Dick Tarrant has
his feet resting comfortably on the desk. A huge grin creases his face and his
eyes are alight with satisfaction. Though he has watched this highlight tape on
dozens of occasions, Tarrant beams like a movie director viewing his completed
picture for the first time.
"When we show
this, the kids get all excited," Tarrant says. "They really go for all
Glitter? It's not
a word that springs to mind here in the office of the head basketball coach at
the University of Richmond. This Virginia campus is a long way from
Hollywood—and in many regards just as far from Bloomington, Chapel Hill,
Georgetown or Durham, to name just a few of college basketball's more glamorous
outposts. And yet, right there on the highlight tape...look, there's Tarrant
being congratulated by Bob Knight. And there he is shaking hands with Georgia
Tech's Bobby Cremins, and now with CBS's Billy Packer. And there he is with a
smiling Dick Vitale. "I'm proud of you, big guy," Vitale is saying as
the tape rolls.
happily from behind his desk and says, "I'm five-nine and 163 pounds and he
calls me 'big guy.' "
But last March,
Dick Tarrant was big. Big news. Big time. Big surprise. In the NCAA tournament,
Tarrant took his Spiders—a team the selection committee considered no better
than 49th in the 64-team field—and beat Knight and Indiana, then Cremins and
Georgia Tech, all in a 48-hour period.
With two waves of
the wand, Tarrant's fairy godmother had taken an obscure, 57-year-old ex-Marine
with a gray perm and transformed him and his team into the Cinderella of the
Sweet 16. Suddenly all kinds of people were talking about what a great
basketball coach this Tarrant fellow had always been. "Dick Tarrant was a
good coach before I was even in coaching," Knight said to the media masses
after Indiana's 72-69 loss to Richmond. "He and his kids deserved this.
They worked for it."
Work. Now there's
a word that's more commonly attached to Tarrant. The man is nothing if not
hard-working, and his players love to talk about their intense and demanding
coach. "Every time you start to think he's cool, he nails you," says
junior guard Kenny Atkinson. "Then, just when you think you can't stand him
another minute, he does something great for you. None of us would ever doubt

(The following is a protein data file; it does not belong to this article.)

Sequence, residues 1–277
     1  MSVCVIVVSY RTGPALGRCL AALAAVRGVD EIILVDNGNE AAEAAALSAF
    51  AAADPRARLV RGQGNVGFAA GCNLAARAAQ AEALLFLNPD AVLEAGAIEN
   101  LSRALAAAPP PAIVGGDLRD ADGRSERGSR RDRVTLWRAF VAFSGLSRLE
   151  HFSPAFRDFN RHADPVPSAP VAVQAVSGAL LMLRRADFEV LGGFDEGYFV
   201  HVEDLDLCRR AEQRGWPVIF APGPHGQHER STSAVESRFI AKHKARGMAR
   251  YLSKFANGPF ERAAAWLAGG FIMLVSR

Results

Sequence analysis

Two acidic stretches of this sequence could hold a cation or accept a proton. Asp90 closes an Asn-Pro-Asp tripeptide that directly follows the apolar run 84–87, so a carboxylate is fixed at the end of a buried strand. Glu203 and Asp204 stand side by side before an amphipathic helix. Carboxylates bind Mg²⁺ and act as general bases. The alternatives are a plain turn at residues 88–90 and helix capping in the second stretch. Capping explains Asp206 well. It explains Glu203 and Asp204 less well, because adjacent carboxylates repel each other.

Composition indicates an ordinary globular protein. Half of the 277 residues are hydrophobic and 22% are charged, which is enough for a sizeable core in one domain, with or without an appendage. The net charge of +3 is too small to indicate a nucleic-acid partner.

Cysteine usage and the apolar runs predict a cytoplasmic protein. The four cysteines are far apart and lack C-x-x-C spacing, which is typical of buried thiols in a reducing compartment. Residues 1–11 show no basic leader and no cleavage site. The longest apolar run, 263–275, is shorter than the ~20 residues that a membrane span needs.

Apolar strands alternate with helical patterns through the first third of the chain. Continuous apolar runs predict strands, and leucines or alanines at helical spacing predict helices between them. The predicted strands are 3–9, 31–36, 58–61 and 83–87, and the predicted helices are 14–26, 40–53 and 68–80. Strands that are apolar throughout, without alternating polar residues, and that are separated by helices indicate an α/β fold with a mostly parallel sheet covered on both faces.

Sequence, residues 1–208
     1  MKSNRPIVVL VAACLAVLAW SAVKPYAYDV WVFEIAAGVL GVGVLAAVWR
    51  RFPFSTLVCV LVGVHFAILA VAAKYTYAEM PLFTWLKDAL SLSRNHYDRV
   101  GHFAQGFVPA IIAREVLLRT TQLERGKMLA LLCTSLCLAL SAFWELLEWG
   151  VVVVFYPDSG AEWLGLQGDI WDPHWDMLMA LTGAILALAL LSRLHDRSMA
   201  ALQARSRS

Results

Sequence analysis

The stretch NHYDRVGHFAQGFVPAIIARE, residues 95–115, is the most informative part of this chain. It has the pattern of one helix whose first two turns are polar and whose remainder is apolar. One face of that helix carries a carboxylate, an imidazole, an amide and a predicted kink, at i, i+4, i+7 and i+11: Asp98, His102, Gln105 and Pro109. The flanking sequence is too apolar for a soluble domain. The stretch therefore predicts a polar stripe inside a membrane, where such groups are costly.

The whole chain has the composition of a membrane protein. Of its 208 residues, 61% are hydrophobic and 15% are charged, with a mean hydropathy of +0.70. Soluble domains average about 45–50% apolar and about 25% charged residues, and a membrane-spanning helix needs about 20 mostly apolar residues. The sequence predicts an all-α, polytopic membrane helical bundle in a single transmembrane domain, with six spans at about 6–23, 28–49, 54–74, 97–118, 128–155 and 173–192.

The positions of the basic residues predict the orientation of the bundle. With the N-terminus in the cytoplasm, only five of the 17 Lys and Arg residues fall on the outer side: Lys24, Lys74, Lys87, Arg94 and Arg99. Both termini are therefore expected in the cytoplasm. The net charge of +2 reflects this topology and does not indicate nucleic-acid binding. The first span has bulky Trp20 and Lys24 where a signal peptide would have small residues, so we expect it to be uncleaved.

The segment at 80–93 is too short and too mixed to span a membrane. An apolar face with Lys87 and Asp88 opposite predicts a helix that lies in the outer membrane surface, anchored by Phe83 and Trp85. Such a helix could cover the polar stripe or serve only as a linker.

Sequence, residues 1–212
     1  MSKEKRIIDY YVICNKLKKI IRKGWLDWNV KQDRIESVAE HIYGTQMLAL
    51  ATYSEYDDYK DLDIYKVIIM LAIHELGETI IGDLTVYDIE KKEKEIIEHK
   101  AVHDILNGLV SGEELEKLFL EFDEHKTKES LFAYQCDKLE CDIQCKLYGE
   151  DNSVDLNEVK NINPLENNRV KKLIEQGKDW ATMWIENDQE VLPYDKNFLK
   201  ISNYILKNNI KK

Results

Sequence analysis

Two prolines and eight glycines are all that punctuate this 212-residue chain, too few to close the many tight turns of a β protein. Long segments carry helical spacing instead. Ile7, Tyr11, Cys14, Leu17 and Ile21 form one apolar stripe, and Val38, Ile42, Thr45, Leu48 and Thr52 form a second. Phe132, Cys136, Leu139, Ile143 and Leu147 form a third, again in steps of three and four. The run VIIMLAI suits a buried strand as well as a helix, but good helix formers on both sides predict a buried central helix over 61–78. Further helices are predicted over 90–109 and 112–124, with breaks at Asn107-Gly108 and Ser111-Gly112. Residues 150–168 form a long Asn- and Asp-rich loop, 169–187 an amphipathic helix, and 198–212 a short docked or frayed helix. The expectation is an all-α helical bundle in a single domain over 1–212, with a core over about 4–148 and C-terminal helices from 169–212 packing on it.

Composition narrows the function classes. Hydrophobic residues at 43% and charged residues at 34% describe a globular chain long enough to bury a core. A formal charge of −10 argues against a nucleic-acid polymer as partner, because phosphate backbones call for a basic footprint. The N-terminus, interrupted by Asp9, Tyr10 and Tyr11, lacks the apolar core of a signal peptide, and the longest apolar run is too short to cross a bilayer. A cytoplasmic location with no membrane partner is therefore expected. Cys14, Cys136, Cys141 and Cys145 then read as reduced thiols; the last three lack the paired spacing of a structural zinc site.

him, though. He knows exactly what he's doing. I like to think of him as a sane
Tarrant's players feel for him is apparent in the way they giggle as they
gossip. "Never ever tell him something is unfair," says senior guard
Benjy Taylor. "That gets him going." Taylor puts on his best New Jersey
accent. "He goes like this: 'Don't tell me about unfair. If life was fair,
there wouldn't be Seeing Eye dogs. If life was fair, there wouldn't be war
veterans. If life was fair, there wouldn't be cerebral palsy centers.'
Life may not be
fair, but it does occasionally offer its just rewards. The victories over
Indiana and Georgia Tech constituted Tarrant's payoff for 10 years of hard work
at Richmond, first as an assistant and, beginning in 1981, as head coach. In
that time, the Spiders crawled out from under a 4-22 record in 1977-78, just
before Tarrant arrived, and last season registered a school-record 26
victories, including those in the dazzling postseason. Says Taylor, "No one
in the world thought we had a chance to beat Indiana except the players and our
parents. And our parents were just humoring us."
Never mind that
the clock finally struck midnight when Temple turned back Cinderella, 69-47, in
the East Regional semifinals. And no matter that three senior starters from
last spring's dream team are gone. The magic lingers on the Richmond campus.
Says assistant coach Bill Dooley, "When I talk to people now, they say, 'We
know you guys are going to be a little down this year, so you might only win 18
or 19.' When I was a junior here [Tarrant's first season as head coach] we won
18 and it was a miracle. Now it's a rebuilding year."